GROWING UP in Philadelphia, you knew the Hero Scholarship Fund Thrill Show bankrolled a college education for the children of Philadelphia police and firefighters who gave their lives, or were permanently disabled, in the line of duty.
What a great idea.
The community - you and I - bought tickets for a show (for decades staged at Municipal Stadium, later renamed John F. Kennedy Stadium) that raised money for the fund. At its peak, the stadium held up to 95,000 fans seeing entertainment headliners such as Tony Bennett and sports heroes such as Jack Dempsey.
If you thought it was run by the city, you were wrong.
In 1954, City Council created a Hero Scholarship Fund, run by a citizens committee headed by the late John B. Kelly Sr. and filled with a universe of civic stars. They invented the Thrill Show to bankroll the fund.
Although not a city agency, the Hero Scholarship Fund Thrill Show had an office in City Hall, Room 401. At some point, the fund moved to 1617 JFK Blvd., but it's now located in - of all places - the Felton, Del., home of director of operations Jerry Callaghan.
Over the decades, the Thrill Show decayed from high power and star power to a tired B-list. In January 2006, fund president Ruth Sliwinski sent a letter to the board saying that the Thrill Show - the fund's primary fund-raising device - would be abandoned and "there is no need for a full board as it now exists."
Why? Sliwinski deferred questions to attorney John McGrath.
The fund, according to its IRS filing, is sitting on $3.2 million in assets. It handed out a paltry $108,410 in scholarships in 2005, but shelled out a stunning $217,475 for "general and administration" expenses.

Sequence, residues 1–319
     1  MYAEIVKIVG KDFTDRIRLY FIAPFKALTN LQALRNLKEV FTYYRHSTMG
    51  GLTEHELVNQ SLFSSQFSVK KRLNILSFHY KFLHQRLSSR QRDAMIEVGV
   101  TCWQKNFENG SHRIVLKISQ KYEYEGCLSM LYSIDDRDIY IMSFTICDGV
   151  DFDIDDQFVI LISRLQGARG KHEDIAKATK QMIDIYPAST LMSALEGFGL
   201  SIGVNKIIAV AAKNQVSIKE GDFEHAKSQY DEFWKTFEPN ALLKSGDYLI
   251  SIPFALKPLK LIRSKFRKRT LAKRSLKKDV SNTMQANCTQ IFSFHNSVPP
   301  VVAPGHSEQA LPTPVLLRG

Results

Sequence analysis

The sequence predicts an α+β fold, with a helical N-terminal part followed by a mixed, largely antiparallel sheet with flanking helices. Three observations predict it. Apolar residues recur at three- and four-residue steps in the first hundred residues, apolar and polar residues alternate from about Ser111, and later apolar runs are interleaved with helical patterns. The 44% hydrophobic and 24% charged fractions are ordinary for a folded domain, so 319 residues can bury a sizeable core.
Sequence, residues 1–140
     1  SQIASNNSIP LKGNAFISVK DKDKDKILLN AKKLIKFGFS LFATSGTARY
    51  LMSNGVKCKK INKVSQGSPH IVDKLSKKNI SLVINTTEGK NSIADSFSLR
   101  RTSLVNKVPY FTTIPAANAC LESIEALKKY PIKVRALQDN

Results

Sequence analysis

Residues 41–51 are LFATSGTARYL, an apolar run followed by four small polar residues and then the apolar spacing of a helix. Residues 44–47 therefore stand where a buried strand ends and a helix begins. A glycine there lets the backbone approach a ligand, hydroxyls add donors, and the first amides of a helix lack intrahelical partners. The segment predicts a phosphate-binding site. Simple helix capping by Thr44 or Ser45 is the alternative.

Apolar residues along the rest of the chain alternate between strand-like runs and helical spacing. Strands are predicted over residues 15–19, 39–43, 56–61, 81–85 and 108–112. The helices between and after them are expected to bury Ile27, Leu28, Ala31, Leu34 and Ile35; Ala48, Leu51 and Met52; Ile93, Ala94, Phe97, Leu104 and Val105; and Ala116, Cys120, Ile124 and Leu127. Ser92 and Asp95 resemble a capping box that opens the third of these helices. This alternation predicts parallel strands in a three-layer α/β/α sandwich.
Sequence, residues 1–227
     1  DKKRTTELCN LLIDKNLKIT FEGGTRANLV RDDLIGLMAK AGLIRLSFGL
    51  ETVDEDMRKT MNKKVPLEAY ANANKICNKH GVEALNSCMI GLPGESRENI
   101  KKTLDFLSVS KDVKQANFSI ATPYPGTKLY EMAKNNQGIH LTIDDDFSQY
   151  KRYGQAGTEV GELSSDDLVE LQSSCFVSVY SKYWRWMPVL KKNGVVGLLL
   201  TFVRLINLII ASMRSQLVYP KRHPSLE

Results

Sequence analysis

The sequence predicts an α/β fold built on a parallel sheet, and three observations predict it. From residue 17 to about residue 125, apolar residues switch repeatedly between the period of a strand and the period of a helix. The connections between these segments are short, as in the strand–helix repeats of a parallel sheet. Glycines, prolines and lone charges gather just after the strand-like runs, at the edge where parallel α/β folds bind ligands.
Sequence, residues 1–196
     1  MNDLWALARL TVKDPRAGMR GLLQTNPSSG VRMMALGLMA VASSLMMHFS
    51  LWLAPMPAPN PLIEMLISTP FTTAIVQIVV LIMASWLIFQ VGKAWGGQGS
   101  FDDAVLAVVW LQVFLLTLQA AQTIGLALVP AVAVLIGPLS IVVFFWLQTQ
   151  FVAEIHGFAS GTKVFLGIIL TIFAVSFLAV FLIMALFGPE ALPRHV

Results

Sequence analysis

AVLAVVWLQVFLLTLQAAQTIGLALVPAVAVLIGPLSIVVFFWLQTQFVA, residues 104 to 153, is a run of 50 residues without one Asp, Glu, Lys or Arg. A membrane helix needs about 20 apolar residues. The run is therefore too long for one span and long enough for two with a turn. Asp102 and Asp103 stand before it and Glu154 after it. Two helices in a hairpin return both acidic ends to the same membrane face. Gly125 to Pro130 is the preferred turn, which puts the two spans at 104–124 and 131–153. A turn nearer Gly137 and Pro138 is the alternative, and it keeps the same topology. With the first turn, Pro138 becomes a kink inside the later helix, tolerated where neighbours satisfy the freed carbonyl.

Two dollars spent for every dollar awarded? The ratio is way out of whack. To put it in context, the local chapter of Variety, the Children's Charity, spends 9 percent on administration. (Disclosure: I am on Variety's board.)
McGrath said the 2005 figures were a "snapshot" that might vary from year to year. Fixed costs are hard to reduce, he said.
One way to improve the ratio would be to award more money. However, instead of giving full scholarships, as had been the custom, the fund now caps tuition reimbursement at $8,800 a semester. (When the fund is squatting on $3.2 million in the bank?)
In 2005, 14 students got annual stipends ranging from $17,600 to a tiny $1,428.
Under different circumstances, I'd be thinking fraud. In this case, I'm thinking it's more like incompetence.
The cancellation of the fund's 2006 Hero Scholarship Fund Thrill Show resulted in the formation of a different entity, the Hero Thrill Show. The Hero Thrill Show got Sylvester Stallone as grand marshal and raised 370Gs under the direction of attorney Jimmy Binns.
Now, the old fund and the new Hero Thrill Show have locked horns over the scholarship money. Lawsuits loom on the horizon.
This is an easy problem to fix.
Councilman Jim Kenney, who chaired a Council hearing on the fund, would like a "melding" of the two groups. The old board, he believes, consists of good people who just ran out of ideas and energy.
Binns has the energy, the ambition and the contacts to restore luster to the Thrill Show.
FOP president Bob Eddis says the cops and firefighters can administer the fund themselves "for free." Firefighters Local 22 President Brian McBride told me the old board "served us well for many, many years, but now it's time for us to step up to the plate."
If Sliwinski and the remaining old-guard board members want to do the right thing - for the children they are supposed to serve - they should vote at their April 17 meeting to pave the way for a merger with cops and firefighters.
If they don't, this will get ugly and the old board is on the wrong side of the ball. *
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